November 2011 Reviews" />
The official student newspaper of The Hockaday School

The Fourcast

The official student newspaper of The Hockaday School

The Fourcast

The official student newspaper of The Hockaday School

The Fourcast

The Varsity coxed quad with their coxswain from The Nobles School.
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Fast Waters
Elizabeth Truelove, Sports Editor • November 30, 2023

Crossing under Elliot Bridge, senior Caroline Stevens and her other boatmates listen to the mass of spectators watching above, hearing the cowbells...

One of the outdoor classrooms used by the conservation biology class
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Hands-On Bio Exploration
Jessica Boll, Staff Writer • November 30, 2023

The new conservation biology class, piloted by Jessie Crowley, focuses on learning different biology concepts through hands-on learning.  “Kids...

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Debate goes the distance
Anya Aggarwal, Staff Writer • November 30, 2023

Hockaday debate students hosted the 46th annual Debate Invitational Nov. 9-11 with close to 800 participants in attendance.   The Ed Long...

Juliet, played by Ava Shipp, begs her mother, played by Saxon Mosely, to stop her impending marriage.
A Timeless Tragedy
November 30, 2023

November 2011 Reviews

Camp by Childish Gambino

The music video for “Bonfire” off Childish Gambino’s (Donald Glover) “Camp” stands out among others in the rap genre, for one, because Gambino wears less clothing than the girls featured.

For another, it depicts a perverse lynching scene.

“Man, why does every black actor gotta rap some?/ I don’t know, all I know is I’m the best one,” he asks with his signature self-assured bravado. This attitude permeates Gambino’s first official album, released Nov. 15, reminding the listener of the complexity of the black experience in America today. His lyrics play in the space between growing up in the projects and his current life in his role as Troy Barnes on “Community.” For this reason, the album is intensely personal, with a voice and a message only Gambino can deliver.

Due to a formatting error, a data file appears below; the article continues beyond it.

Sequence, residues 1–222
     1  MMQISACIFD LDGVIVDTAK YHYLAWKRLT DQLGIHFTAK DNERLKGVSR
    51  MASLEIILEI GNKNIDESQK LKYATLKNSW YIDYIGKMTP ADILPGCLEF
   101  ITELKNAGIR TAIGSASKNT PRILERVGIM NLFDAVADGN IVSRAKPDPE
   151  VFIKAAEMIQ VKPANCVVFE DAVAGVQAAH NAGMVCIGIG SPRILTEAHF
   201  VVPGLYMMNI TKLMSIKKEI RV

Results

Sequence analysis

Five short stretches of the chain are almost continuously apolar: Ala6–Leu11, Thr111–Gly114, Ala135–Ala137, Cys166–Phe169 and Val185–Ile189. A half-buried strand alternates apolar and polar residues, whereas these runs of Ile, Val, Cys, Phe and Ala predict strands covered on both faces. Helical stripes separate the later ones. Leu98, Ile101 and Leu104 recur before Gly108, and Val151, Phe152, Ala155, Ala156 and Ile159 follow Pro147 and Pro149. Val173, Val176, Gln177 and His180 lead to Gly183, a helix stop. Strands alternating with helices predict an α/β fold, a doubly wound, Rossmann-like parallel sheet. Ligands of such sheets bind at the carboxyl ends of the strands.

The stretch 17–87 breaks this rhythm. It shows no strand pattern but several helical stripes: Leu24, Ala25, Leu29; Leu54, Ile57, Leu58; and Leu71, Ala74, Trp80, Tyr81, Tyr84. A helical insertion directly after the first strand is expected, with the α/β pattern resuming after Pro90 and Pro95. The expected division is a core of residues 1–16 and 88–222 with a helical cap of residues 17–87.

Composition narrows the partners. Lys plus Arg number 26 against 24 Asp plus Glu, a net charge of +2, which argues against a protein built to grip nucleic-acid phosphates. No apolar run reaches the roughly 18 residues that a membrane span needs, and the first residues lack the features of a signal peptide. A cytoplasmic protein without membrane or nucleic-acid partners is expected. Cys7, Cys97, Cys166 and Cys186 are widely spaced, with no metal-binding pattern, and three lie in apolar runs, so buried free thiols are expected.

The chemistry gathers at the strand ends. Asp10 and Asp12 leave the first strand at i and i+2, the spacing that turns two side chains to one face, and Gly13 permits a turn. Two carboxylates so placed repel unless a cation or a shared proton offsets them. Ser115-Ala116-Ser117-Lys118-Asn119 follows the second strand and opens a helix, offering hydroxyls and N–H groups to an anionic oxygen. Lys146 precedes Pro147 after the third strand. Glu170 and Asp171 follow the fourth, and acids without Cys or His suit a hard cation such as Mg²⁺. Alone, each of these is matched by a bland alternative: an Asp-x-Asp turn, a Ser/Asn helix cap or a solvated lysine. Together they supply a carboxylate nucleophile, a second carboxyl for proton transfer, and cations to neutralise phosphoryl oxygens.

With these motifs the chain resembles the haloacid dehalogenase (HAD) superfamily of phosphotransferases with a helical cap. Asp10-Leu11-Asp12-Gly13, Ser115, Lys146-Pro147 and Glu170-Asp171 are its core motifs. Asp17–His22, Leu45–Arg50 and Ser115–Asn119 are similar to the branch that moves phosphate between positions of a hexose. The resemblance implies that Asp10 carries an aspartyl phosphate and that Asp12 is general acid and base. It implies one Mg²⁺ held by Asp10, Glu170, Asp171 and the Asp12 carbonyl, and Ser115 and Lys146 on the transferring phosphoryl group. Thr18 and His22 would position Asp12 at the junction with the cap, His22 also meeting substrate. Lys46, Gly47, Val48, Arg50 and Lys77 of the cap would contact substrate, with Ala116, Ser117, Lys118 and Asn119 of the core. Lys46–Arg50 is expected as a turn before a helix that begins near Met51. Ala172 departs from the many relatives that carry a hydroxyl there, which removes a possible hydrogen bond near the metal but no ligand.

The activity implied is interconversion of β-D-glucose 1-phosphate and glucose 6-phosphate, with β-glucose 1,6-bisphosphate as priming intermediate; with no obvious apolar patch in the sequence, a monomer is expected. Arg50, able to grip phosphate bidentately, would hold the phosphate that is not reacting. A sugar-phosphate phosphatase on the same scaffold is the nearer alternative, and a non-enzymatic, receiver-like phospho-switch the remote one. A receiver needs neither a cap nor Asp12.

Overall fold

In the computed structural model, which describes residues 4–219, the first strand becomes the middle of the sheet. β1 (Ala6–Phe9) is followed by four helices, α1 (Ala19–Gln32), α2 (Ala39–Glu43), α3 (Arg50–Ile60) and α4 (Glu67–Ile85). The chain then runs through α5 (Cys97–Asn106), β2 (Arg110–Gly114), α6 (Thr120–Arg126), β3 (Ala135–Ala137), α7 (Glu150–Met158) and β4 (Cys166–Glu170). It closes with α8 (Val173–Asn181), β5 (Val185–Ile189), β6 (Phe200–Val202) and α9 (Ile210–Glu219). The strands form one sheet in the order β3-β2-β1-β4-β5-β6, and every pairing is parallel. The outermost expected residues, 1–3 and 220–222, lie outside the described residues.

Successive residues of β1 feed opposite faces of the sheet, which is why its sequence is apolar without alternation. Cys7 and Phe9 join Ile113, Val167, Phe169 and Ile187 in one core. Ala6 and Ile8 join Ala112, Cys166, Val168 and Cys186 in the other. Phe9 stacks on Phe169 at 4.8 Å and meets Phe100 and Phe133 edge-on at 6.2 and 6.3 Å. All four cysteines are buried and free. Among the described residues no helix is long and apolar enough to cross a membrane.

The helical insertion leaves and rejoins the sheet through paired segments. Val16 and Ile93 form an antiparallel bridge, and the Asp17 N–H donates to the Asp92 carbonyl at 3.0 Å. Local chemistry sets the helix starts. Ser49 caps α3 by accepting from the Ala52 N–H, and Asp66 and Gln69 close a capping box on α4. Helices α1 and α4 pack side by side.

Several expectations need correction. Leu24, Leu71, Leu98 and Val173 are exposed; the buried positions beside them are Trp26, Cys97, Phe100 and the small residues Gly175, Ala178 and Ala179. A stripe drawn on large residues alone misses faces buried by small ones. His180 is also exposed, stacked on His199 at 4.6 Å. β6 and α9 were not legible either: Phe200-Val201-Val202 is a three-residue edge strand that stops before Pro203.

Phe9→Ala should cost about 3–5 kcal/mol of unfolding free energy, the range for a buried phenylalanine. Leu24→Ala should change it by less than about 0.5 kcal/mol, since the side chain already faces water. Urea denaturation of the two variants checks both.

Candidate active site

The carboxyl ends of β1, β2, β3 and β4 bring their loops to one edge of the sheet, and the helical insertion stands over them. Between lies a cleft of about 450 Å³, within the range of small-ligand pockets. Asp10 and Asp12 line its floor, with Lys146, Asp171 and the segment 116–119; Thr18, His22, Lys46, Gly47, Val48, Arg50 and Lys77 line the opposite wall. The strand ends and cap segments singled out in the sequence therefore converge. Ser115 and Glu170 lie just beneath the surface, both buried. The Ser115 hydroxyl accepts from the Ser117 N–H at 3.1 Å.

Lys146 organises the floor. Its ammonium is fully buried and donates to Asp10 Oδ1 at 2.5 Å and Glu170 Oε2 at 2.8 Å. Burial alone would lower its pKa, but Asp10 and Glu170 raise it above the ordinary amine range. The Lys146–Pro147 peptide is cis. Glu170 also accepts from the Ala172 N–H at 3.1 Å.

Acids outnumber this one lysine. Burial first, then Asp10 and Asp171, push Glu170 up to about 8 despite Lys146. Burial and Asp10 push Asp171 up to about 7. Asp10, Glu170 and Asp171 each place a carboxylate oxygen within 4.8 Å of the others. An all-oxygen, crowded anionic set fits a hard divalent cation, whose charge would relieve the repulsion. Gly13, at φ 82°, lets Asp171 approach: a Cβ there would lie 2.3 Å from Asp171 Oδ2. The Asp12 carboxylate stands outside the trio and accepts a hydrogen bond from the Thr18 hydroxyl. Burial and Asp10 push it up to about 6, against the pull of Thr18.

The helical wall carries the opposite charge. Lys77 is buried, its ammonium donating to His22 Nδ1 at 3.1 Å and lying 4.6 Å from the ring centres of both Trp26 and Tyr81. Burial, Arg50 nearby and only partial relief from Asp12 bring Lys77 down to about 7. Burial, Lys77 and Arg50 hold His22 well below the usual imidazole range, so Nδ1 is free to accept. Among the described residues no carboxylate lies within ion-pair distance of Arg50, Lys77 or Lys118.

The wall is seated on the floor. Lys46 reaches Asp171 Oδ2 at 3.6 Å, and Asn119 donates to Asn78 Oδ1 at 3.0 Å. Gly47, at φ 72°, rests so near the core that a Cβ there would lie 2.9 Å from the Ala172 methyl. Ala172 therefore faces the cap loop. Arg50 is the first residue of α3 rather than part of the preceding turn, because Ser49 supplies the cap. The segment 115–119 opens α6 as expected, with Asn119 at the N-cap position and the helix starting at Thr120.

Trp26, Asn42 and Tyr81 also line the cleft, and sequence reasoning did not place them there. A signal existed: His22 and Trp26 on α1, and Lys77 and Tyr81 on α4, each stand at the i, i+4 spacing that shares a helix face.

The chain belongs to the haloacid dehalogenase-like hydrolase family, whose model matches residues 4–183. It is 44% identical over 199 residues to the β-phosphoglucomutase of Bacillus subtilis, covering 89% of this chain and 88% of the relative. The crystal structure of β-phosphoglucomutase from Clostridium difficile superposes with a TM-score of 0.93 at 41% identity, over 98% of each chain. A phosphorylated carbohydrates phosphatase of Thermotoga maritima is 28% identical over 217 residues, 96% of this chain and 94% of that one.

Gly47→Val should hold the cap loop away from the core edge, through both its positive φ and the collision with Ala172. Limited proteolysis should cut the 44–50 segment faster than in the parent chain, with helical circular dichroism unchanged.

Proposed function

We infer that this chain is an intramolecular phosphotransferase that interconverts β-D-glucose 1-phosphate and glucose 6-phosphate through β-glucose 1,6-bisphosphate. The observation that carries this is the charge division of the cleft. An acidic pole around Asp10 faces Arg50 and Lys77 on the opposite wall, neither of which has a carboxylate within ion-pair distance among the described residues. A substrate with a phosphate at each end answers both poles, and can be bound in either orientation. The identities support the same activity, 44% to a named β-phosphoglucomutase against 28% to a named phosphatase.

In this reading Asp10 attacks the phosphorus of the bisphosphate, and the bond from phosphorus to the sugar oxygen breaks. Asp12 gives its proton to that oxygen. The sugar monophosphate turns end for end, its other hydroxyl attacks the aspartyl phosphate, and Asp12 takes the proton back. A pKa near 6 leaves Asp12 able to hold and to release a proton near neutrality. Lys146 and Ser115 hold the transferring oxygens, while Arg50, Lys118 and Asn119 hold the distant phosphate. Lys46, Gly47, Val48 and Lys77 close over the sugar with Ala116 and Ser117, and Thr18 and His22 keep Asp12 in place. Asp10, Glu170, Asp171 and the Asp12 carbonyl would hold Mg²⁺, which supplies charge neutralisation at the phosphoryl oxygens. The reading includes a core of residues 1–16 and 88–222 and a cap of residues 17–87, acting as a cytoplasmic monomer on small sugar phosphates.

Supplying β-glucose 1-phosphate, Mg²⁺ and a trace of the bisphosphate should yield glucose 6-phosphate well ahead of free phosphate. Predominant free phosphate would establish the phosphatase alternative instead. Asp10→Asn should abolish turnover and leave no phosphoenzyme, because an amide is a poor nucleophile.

It’s tracks like this that exists for, listening to his lyrics is like playing auditory “I Spy,” with each replay revealing yet another allusion from his vast store of cultural references past and present. Off of Bonfire, exhibit A: “It’s Childish Gambino, homegirl drop it like the NASDAQ.”

The album runs a fast paced 56 minutes but the last five, a monologue flashback to summer camp as a 13 year-old told over a surprisingly delicate arrangement, is absolutely the highlight.

– Caroline


Princi Italia (5959 Royal Lane)

Princi Italia, the Italian restaurant on the northwest corner of Preston and Royal, has been open for about a month and if at 6:15 pm on a Saturday evening the place is completely full, with at least 20 people waiting to be seated, they must be doing something right.

The restaurant is reminiscent of a rustic cottage or beach house—light and open, dominated by a sophisticated color combination of pale wood and pale blues, and accented with blown glass, mirrors and dark wood. Considering this, Princi Italia would seem like a restaurant no casual, jeans-wearing diner would enter, but the two TVs at the bar make it a little less formal.

The food, also, is quite good. Princi Italia, in keeping with a goal of creating authentic Italian food, makes its own meatballs (chicken, lamb and beef), sausage and several types of pasta, including fettuccini, tagliatelle and ravioli. Those meatballs, which I tried in the Italian Wedding soup, taste like no meatball I’ve had before, but their unique flavor, with delicate spices that emphasize rather than overpower the taste of the meat, makes them delectable. Most of the pasta dishes are simple, with few ingredients, and let the singularly delightful texture and taste of the homemade pasta shine. The restaurant also has its own wood-burning stove for pizzas and flatbread. So you can’t go wrong with any pasta, meat-based or pizza dish, which is most of the menu.